The bag above is the one that will be given to delegates at the Democratic National Convention in Denver next month. One side prominently displays the logo of AT&T; the other has the logo of Coca-Cola [to be carried into the Pepsi Center!].
For initial commentary I'll defer to Glenn Greenwald in Salon:
What's most striking about the Convention bag... is how the parties no longer bother even trying to hide who it is who funds and sponsors them. But -- an earnest citizen might object -- just because AT&T is helping to pay for the Democrats' convention and having its logo plastered all over it the way a ranch owner brands his cattle doesn't mean that they will receive any special consideration when it comes time for Congress to debate and pass our nation's laws...I won't try to connect this to the telecom immunity fiasco, and I'm not naive enough to believe this is limited to the Democrats, nor that it is anything new; similar - though perhaps more subtle - processes have probably been at work for the last century (or more). Nor is it limited to politics; doctors receive bags at their conventions and fill them with pens and flashlights with pharmaceutical logos, and similar processes probably occur at conventions for attorneys, educators and every other professional.
As a result of Mr. Farber's efforts [Farber is chief fundraiser for the convention], dozens of organizations have signed up as corporate sponsors of the Denver convention, including six that are lobbying clients of his firm: UnitedHealth Group, AT&T, Comcast, the National Association of Home Builders, Western Union and Google. In return for these donations, which can go up to $1 million or more, sponsors are promised prominent display space for corporate marketing and access to elected officials and Democratic leaders at a large number of parties and receptions.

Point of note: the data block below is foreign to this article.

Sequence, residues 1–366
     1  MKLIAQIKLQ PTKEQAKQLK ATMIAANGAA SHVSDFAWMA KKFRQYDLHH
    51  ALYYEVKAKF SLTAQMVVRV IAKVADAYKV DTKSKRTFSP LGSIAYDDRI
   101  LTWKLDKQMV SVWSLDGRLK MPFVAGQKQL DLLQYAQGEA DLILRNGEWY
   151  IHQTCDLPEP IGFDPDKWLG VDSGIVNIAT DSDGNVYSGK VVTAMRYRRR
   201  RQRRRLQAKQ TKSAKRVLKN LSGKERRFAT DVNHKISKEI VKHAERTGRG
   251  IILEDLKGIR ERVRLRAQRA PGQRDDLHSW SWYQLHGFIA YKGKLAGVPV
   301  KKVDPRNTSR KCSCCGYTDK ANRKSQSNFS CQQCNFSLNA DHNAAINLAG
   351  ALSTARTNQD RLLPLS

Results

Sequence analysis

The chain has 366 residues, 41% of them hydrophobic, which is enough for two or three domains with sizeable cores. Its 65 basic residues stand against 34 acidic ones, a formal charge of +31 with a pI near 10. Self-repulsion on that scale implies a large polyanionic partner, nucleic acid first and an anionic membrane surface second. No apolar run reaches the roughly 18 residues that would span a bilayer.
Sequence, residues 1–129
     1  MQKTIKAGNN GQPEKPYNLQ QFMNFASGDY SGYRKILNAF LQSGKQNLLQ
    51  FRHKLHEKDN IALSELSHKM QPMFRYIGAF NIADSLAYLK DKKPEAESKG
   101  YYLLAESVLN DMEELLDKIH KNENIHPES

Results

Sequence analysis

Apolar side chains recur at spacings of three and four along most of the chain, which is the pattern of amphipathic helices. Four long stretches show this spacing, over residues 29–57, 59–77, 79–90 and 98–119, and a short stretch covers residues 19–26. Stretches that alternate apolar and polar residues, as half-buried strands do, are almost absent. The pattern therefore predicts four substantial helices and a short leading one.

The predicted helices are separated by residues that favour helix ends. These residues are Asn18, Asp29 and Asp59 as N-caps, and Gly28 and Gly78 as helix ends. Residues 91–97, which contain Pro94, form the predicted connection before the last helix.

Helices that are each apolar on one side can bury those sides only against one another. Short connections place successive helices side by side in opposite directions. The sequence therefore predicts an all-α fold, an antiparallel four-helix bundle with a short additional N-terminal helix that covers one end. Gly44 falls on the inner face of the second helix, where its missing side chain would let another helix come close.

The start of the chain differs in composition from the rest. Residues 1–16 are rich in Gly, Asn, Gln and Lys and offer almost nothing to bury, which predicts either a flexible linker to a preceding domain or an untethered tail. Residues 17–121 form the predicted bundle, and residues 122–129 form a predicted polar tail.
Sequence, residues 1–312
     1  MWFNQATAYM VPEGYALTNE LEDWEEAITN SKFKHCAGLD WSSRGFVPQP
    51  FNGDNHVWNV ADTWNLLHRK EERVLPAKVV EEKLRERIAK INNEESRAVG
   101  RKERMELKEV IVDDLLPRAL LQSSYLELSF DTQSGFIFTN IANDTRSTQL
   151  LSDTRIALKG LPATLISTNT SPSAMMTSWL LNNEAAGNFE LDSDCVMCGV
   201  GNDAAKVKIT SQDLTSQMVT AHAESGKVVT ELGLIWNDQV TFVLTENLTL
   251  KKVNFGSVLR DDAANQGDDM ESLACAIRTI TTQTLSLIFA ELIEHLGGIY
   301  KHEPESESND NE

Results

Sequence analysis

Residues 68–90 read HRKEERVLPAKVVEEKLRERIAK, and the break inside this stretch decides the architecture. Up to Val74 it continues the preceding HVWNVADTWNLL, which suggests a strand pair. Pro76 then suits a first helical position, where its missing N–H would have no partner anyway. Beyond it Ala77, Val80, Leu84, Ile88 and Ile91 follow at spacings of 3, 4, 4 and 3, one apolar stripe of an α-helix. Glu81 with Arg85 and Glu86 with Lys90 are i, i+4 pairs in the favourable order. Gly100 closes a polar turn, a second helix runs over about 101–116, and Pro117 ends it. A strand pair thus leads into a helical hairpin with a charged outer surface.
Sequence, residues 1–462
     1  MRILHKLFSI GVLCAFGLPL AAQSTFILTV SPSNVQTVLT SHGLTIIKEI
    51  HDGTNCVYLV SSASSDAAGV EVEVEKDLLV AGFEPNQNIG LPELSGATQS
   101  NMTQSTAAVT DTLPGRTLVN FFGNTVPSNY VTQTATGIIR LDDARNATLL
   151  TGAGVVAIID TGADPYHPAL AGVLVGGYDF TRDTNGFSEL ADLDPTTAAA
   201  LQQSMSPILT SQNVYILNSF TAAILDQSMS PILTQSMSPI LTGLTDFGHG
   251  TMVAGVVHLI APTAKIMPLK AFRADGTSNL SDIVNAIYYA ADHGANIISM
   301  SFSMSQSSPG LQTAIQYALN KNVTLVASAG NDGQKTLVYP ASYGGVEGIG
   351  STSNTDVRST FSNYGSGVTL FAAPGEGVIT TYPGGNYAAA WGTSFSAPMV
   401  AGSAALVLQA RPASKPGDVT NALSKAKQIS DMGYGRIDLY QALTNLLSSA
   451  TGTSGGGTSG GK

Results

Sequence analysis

"Farber has a dual role," said Steve Weissman, a policy analyst at the Campaign Finance Institute who has studied convention finances. "He is a businessman and a community activist, and yet he is connected to a law firm that is one of the biggest in Washington. When any of Steve Farber's clients have a problem, federal elected officials will feel obligated to listen to him if he approaches them later on federal policy interests."
There's something fundamentally wrong here, and public recognition of this wrongness is one of the factors that helped drive the Ron Paul revolution to prominence, and will likely propel Obama to the presidency. Too much influence is bought in national politics. Congress has the lowest approval rating in history for a reason. Too much power is concentrated in the hands of people who are not working for the public interest. Things need to change, because our whole system is going down the toilet.